BISG's MIP for Higher Ed Publishing 2013 -- Rebecca Griffiths
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Rebecca Griffiths of Ithaka S+R presents at BISG's Making Information Pay for Higher Ed Publishing conference, February 7, 2013.

Rebecca Griffiths of Ithaka S+R presents at BISG's Making Information Pay for Higher Ed Publishing conference, February 7, 2013.

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BISG's MIP for Higher Ed Publishing 2013 -- Rebecca Griffiths Presentation Transcript

  • 1. Now welcoming Rebecca Griffiths Program Director for Online Learning, Ithaka S+R “The Promise of Highly Interactive Online Learning”© 2013, the Book Industry Study Group, Inc. 1
  • 2. Interactive Online Learning in Public Universities Randomized Study of Interactive Online Statistics Course Testing the Benefits of MOOCs Rebecca Griffiths Program Director for Online Learning, Ithaka S+R Feb 7, 2012
  • 3. Motivations for Online Learning Program  Budget crises and pressure to increase graduation rates, particularly at public universities  Potential of sophisticated, interactive online systems, especially when used in hybrid mode, to • Improve student outcomes • Reduce disparities in outcomes • Reduce costs without sacrificing learning  Need for solid evidence about effectiveness or cost-saving potential of such systems
  • 4. Randomized Study of Interactive Online StatisticsCourse • Study conducted by William G. Bowen, Matthew Chingos, Tom Nygren, Kelly Lack • Completed spring 2012 • Test of introductory statistics course developed at Carnegie Mellon University  Primarily text-based with cognitive tutors • Hybrid vs. traditional face-to-face class sections
  • 5. Summary of Research Design  Registration and recruitment (not necessarily in that order) • Students register for introductory statistics course • Students recruited to participate in study  Random assignment of participants • Traditional section of statistics course • Hybrid section of statistics course  Baseline measures (beginning of semester) • Student background survey • Score on standardized test of statistical reasoning (CAOS test)  Outcome measures (end of semester) • Completion rate • Pass rate • Score on common final exam questions • Score on CAOS test (second administration of test) • Student satisfaction survey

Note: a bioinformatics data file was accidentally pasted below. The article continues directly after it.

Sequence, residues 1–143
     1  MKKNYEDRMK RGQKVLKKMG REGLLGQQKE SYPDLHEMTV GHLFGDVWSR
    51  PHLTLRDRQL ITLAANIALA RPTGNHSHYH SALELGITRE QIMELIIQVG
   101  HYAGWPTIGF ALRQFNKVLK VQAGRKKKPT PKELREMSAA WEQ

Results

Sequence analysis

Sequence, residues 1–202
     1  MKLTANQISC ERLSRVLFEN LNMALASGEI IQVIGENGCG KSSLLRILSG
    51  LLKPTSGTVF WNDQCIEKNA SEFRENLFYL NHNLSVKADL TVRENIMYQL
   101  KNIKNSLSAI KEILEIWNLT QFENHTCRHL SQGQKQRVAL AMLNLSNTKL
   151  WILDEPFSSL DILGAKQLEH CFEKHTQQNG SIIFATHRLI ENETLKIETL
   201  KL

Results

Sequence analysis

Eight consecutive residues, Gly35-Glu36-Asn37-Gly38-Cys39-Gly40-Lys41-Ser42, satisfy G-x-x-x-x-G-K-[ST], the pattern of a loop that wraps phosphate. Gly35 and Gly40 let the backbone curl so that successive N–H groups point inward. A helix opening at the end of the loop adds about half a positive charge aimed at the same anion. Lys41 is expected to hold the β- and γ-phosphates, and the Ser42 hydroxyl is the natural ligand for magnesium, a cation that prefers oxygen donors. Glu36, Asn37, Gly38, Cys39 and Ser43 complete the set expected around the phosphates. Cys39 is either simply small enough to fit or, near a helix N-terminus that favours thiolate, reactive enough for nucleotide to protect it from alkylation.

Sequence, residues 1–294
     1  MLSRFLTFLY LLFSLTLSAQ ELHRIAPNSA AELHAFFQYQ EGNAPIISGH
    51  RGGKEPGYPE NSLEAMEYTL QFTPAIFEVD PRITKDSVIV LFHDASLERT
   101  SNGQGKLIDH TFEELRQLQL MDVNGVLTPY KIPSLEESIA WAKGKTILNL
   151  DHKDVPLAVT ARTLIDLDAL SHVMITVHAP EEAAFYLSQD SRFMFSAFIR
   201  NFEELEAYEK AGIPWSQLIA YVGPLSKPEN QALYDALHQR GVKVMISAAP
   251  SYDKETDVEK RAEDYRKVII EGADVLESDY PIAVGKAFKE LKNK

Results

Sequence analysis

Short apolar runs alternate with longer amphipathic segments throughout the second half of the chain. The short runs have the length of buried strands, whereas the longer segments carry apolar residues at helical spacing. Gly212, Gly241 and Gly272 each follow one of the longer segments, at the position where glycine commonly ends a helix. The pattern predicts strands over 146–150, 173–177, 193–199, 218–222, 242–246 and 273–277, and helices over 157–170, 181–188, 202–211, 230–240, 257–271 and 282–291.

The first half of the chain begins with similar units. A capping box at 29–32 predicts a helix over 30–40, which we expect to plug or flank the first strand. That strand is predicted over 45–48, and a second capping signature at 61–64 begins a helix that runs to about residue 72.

• 6. Fall 2011 Study Sizes Traditional Hybrid Total Institution A 45 52 97 Institution B 112 117 229 Institution C 45 47 92 Institution D 7 9 16 Institution E Department 1 16 15 31 Department 2 24 26 50 Institution F 43 47 90 Total 292 313 605
  • 7. Demographics of Study Participants Adjusted Traditional Hybrid Signif.? Diff.Proportion of students who are black 14% 14% 0%Proportion of students who are Hispanic 20% 14% -5%Proportion of females 54% 61% 7% +Proportion of students whose parents’ 49% 50% -2% +income is <$50,000 a yearProportion of students who have at least 49% 47% 2%one parent with a college degreeProportion of full-time students 90% 90% 0%Mean cumulative college GPA 2.63 2.63 -0.01Notes: Adjusted differences (average within-institution differences) control for institutional dummy variables.“Signif.?” indicates whether the result is statistically significant from zero at ** p<0.01, * p<0.05, + p< 0.10.
  • 8. How Participants Compare with Non-Participants Non- Adjusted Participants participants Signif.? Diff. Proportion of students who are black 14% 13% 0% Proportion of students who are Hispanic 17% 10% 3% * Proportion of females 58% 56% 1% Proportion of full-time students 90% 86% 5% ** Mean age 21.9 21.6 -0.3 Mean cumulative college GPA 2.63 2.24 0.12 * Proportion of students who passed course 78% 81% -5% * Notes: Adjusted differences control for institutional dummy variables. “Signif.?” indicates whether the result is statistically significant from zero at ** p<0.01, * p<0.05, + p< 0.10.
  • 9. Completion Rates and Pass Rates Completion and Pass Rates (Percentages) 100 90 88% 84% 81% 80 78% 70 60 50 Traditional Hybrid 40 30 20 10 0 Completion Rate Pass Rate (n=605) (n=605) Results depicted control for institution effects and were not significant at p<0.10.
  • 10. Performance on End-of-Semester Assessments Post-Course CAOS Scores and Scores on Common Final Exam Questions (Percentage of Questions Answered Correctly) 100 90 80 70 57% 59% 60 50 47% 48% Traditional 40 Hybrid 30 20 10 0 Post-Course CAOS Score Common Final Exam Questions (n=458) (n=431) Results depicted control for institution effects and were not significant at p<0.10.
  • 11. Results by SubgroupSubgroup Pass Post- Final Rate CAOS ExamBlack/Hispanic 0.02 0.00 -0.00 N=188 N=143 N=131White/Asian 0.05 0.01 0.03 N=406 N=308 N=292Male 0.04 -0.00 -0.00 N=257 N=194 N=173Female 0.05 0.01 0.04 N=348 N=264 N=258First-generation college students 0.01 -0.00 0.02 N=316 N=231 N=258Students who have at least one parent with a college degree 0.07 0.01 0.03 N=289 N=227 N=216Pre-CAOS test low 0.02 0.01 -0.03 N=266 N=215 N=196Pre-CAOS test high -0.02 0.00 0.06+ N=265 N=234 N=222Notes: Significant at +p<0.10. Results depicted control for institution effects.